Friday, September 15, 2006

A Little Poetry for You (Robert Frost)

Fall seems to be in the air this week, which makes me think of New England and the taste of apples and the smell of wood fires and the sound of leaves sweeping across the earth.

It also makes me think of Robert Frost, who seems like such an autumny poet. For this Poetry Friday, I've selected excerpts from "Mending Wall."
Something there is that doesn't love a wall,
That sends the frozen-ground-swell under it,
And spills the upper boulders in the sun;
And makes gaps even two can pass abreast.

I let my neighbor know beyond the hill;
And on a day we meet to walk the line
And set the wall between us once again.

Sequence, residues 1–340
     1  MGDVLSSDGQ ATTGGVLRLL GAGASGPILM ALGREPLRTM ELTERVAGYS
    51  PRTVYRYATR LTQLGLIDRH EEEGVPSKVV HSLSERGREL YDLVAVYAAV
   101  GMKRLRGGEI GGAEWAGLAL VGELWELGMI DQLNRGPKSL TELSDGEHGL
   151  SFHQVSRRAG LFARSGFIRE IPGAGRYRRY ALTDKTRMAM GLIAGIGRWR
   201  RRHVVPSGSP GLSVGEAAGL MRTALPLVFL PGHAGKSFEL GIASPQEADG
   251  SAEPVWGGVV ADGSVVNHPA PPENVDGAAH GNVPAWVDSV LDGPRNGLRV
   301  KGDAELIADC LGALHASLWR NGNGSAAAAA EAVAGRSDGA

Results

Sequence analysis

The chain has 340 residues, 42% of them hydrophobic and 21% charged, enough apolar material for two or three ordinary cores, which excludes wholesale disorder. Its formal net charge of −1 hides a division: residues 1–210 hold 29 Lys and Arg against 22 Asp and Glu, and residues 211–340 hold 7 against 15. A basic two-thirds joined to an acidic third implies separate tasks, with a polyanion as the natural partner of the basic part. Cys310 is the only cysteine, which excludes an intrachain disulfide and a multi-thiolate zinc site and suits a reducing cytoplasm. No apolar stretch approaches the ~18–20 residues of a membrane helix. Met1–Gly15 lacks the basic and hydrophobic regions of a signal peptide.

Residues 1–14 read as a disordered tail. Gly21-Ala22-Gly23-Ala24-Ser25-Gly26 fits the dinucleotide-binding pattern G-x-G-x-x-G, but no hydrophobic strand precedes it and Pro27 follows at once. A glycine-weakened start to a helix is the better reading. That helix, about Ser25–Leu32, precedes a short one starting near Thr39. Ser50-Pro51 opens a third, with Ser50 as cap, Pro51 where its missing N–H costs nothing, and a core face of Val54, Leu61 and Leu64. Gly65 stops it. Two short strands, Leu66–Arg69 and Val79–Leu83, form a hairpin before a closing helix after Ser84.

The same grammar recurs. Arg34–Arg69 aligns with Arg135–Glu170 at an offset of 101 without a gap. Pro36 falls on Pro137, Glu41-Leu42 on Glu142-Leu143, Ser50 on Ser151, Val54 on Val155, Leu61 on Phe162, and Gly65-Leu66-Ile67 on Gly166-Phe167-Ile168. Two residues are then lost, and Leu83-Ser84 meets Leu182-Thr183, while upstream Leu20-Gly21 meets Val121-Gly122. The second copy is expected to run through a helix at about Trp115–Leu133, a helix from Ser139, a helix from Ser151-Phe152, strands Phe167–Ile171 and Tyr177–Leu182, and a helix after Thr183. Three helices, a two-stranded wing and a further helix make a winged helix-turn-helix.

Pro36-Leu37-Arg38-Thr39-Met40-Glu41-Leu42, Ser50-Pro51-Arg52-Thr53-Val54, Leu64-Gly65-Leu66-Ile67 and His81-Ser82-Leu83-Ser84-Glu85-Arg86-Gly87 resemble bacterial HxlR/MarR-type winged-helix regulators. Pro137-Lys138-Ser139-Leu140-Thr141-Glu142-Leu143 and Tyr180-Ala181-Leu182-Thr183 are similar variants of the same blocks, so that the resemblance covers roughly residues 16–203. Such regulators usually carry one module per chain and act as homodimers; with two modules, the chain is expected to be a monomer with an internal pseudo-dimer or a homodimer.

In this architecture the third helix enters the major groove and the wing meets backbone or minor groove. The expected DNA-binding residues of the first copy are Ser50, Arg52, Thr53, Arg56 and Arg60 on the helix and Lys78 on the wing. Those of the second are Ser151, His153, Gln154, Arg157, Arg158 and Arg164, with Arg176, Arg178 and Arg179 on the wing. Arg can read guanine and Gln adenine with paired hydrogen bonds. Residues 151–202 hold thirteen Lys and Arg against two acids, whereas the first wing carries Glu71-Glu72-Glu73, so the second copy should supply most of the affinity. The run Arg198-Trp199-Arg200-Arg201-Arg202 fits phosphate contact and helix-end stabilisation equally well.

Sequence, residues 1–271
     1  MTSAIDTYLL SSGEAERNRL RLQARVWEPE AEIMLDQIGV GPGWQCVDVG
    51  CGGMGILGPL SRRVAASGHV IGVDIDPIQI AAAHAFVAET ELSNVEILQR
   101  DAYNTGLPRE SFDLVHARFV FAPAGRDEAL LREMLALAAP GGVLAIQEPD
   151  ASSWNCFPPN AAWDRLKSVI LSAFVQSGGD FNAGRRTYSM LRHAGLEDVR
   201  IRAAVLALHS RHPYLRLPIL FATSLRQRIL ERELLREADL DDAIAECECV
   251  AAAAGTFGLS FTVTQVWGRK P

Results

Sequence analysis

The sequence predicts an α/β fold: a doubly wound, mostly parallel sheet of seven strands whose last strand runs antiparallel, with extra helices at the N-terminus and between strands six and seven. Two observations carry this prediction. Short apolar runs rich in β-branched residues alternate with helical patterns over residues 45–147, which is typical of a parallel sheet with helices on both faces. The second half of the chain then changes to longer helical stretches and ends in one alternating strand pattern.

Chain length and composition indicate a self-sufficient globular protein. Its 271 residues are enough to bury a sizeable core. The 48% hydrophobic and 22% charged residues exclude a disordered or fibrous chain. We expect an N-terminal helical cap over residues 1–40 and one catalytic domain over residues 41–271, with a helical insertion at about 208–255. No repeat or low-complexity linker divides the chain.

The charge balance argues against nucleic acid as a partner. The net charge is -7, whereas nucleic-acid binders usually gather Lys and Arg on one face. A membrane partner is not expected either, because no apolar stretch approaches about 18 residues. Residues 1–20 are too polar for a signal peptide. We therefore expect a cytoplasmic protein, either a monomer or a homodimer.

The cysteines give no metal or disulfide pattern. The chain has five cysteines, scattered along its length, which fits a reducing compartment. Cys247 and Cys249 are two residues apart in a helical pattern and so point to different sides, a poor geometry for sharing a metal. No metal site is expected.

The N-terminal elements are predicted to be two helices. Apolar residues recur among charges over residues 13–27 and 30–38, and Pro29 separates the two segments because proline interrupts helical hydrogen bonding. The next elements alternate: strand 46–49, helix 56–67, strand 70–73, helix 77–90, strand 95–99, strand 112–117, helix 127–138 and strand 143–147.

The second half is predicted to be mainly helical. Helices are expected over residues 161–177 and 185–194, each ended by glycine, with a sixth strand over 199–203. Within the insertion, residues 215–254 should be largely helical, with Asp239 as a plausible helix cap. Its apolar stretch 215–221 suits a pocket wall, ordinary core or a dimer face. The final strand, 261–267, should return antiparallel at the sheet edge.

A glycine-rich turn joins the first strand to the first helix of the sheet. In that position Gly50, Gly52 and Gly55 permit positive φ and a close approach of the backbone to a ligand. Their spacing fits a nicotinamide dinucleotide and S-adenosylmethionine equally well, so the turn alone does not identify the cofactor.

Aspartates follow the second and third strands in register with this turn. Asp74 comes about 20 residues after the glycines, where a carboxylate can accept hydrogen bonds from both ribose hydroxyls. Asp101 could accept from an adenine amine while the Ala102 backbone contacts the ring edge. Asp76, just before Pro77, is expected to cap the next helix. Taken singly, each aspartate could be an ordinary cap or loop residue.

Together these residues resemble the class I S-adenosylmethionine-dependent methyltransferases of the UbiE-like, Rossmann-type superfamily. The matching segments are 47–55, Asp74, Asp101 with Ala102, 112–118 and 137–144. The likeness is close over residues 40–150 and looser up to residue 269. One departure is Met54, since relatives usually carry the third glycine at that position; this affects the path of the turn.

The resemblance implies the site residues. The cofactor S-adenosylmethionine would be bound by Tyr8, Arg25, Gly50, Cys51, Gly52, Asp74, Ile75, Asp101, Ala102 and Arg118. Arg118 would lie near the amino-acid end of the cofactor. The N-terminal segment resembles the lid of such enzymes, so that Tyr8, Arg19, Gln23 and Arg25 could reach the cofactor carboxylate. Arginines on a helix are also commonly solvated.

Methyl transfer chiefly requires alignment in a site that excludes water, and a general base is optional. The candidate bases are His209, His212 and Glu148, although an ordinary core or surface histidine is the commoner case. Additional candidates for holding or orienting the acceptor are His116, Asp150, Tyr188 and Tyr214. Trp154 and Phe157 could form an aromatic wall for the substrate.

We keep the wall between us as we go.
To each the boulders that have fallen to each.
And some are loaves and some so nearly balls
We have to use a spell to make them balance:
"Stay where you are until our backs are turned!"


. . . . . I could say "Elves" to him,
But it's not elves exactly, and I'd rather
He said it for himself. I see him there,
Bringing a stone grasped firmly by the top
In each hand, like an old-stone savage armed.

Go here for the rest of the poem. It's really quite good, and you'll see I left the classic line out, twice.

I suppose I could have gone with "After Apple-Picking" to be more in line with the Autumn theme, but "Mending Wall" makes me smile more.

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